Hip Pain: Episode 15
Hip pain has many causes that change throughout the life span. Hip pain in a teenager often has a totally different cause then hip pain in middle age or as a senior citizen.
- In honor of Halloween we are reviewing: Zapp’s Voodoo potato Chips
- Trivia question of the week: What is the northern most point of the British Empire?
- Follow us on Instagram: 2pts_n_a_bagofchips and/or Twitter @2PTsNaBagOChips to get additional information related to hip pain throughout the week.
Today we are discussing hip pain, fairly broadly. Talking about some of the common diagnosis we see there. And we are going to do a nice review of Zapp’s Voodoo potato chips. Sounds Yummy. I’m pretty excited. Who brought these in? You did? Yeah I did. Yeah Yeah, I got these. I’ve had them before they are delicious and tasty.
Most hip pain that we see is going to fall under two categories. Does it cause groin pain? Or does it cause outside of the hip pain? So those two areas have pretty different causes. Yes. Outside of the hip is going to be much more common with bursitis, muscle strain, perhaps physical trauma some kind of bruising. We tend to see it a lot when people have a limp and they start counter balancing or changing the way they walk. It’s called Trendelenburg (https://www.physio-pedia.com/Trendelenburg_Gait). Nice, you get this overuse irritation on the outside of the hip and that could be tendonitis or bursitis or a variety of tendons.
A lot of that is treated similarly in terms of physical, manual therapy to the outside of the hip. Modalities to the outside of the hip. Working on, above all things again, glut med strength and external rotator group strength and that is going to cover most of your hip pain that you feel on the outside of your hip. IT band is another big one.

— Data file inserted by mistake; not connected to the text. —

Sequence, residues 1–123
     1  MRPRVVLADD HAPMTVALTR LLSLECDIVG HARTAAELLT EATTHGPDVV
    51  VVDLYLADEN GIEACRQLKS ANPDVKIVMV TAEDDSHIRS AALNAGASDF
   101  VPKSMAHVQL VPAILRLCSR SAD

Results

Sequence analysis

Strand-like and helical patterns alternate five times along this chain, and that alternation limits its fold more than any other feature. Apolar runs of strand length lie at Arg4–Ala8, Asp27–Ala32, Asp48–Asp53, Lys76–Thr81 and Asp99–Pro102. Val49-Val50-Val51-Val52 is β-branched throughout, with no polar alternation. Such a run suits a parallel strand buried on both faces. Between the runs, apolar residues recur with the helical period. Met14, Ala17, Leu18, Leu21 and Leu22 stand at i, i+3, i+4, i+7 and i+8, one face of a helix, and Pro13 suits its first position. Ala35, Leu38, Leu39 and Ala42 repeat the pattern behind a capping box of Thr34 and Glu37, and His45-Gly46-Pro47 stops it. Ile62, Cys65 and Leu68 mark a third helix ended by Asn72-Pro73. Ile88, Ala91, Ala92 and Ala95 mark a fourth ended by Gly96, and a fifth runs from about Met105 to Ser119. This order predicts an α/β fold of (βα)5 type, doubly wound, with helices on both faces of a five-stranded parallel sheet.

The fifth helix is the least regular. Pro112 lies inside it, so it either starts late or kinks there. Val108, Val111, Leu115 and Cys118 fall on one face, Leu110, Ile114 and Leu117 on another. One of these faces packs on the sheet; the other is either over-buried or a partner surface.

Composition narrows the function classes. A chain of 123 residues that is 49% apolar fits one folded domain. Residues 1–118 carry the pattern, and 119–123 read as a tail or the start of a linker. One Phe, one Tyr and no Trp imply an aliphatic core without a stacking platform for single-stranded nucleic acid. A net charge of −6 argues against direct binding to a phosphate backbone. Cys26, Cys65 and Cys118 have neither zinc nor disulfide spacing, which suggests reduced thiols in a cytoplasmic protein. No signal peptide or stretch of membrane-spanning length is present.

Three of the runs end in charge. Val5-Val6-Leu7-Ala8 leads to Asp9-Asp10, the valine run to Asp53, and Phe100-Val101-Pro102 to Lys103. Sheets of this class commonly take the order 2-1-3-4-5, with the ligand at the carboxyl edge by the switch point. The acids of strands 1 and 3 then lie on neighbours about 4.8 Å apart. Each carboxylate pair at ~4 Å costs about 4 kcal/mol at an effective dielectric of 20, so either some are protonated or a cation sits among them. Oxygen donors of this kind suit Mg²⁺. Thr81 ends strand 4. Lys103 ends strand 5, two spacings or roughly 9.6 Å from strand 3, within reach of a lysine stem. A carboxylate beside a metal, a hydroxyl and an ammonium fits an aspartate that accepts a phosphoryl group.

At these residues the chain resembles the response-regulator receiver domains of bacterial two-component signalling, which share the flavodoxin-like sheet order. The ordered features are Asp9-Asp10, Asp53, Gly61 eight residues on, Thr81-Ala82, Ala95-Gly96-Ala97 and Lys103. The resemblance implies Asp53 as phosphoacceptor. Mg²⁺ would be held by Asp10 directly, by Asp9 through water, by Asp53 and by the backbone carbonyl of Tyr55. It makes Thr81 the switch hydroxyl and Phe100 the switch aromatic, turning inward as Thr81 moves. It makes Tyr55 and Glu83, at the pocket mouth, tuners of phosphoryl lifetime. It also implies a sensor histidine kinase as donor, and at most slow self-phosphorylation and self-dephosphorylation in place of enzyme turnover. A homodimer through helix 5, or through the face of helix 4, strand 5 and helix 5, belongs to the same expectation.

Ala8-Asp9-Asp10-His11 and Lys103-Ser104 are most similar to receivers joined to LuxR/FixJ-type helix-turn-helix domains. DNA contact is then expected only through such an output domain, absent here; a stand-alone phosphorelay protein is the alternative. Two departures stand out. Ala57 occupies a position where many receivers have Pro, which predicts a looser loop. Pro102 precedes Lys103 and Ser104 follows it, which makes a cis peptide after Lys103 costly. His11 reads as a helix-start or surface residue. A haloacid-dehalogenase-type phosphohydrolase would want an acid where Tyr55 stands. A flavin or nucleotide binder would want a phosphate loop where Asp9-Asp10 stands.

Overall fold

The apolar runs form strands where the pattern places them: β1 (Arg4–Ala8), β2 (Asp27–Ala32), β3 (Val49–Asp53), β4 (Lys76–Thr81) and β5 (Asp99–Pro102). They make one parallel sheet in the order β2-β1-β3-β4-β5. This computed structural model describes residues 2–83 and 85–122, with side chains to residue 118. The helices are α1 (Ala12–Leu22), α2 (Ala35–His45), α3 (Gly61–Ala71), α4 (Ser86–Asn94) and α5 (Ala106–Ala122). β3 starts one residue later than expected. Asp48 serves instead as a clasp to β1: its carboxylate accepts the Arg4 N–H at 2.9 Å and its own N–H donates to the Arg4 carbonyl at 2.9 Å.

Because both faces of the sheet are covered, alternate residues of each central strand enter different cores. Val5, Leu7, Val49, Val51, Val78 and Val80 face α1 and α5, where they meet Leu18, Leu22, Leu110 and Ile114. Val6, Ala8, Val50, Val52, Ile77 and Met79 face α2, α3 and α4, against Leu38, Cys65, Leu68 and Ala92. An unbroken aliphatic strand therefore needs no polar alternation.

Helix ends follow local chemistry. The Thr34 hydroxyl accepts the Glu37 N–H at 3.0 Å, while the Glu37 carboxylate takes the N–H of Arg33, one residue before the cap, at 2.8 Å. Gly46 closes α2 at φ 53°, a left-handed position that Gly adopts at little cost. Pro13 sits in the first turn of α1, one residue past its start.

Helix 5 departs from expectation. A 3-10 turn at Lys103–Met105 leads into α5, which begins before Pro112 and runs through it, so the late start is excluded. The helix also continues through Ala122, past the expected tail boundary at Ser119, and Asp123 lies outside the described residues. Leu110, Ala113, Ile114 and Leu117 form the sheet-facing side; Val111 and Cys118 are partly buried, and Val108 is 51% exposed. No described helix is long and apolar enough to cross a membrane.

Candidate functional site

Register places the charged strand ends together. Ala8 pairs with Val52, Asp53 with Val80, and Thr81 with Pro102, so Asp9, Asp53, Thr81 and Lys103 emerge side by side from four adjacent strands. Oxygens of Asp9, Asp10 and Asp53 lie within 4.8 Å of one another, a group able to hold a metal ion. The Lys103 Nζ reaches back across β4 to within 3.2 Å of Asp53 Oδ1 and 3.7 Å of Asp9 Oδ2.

We also have groin pain. Groin pain is much more indicative of joint wear and tear. So that is going to be osteoarthritis changes in there. Or we are going to see something of the soft tissue pathology in there. So FAI, which is femoral acetabular impingement. That is a topic that is going to need it’s own show to fully cover. But to kind of briefly cover.
It’s one of those diagnoses that has kind of become very popular lately since they have been able to treat it with a scope now. So it is actually a surgical problem. 20 years ago if somebody had a hip impingement problem, you just kind of rode it out until you could get a hip replacement. Now it is something that is treatable. FAI femoral acetabular impingement syndrome is something we see a lot in single limb athletes. Athletes who tend to land or jump off of one leg; dancers, cheerleaders, volleyball players. Like Christiaan said it’s a topic that will require a session of its own because there are so many different ways to diagnose and treat conservatively.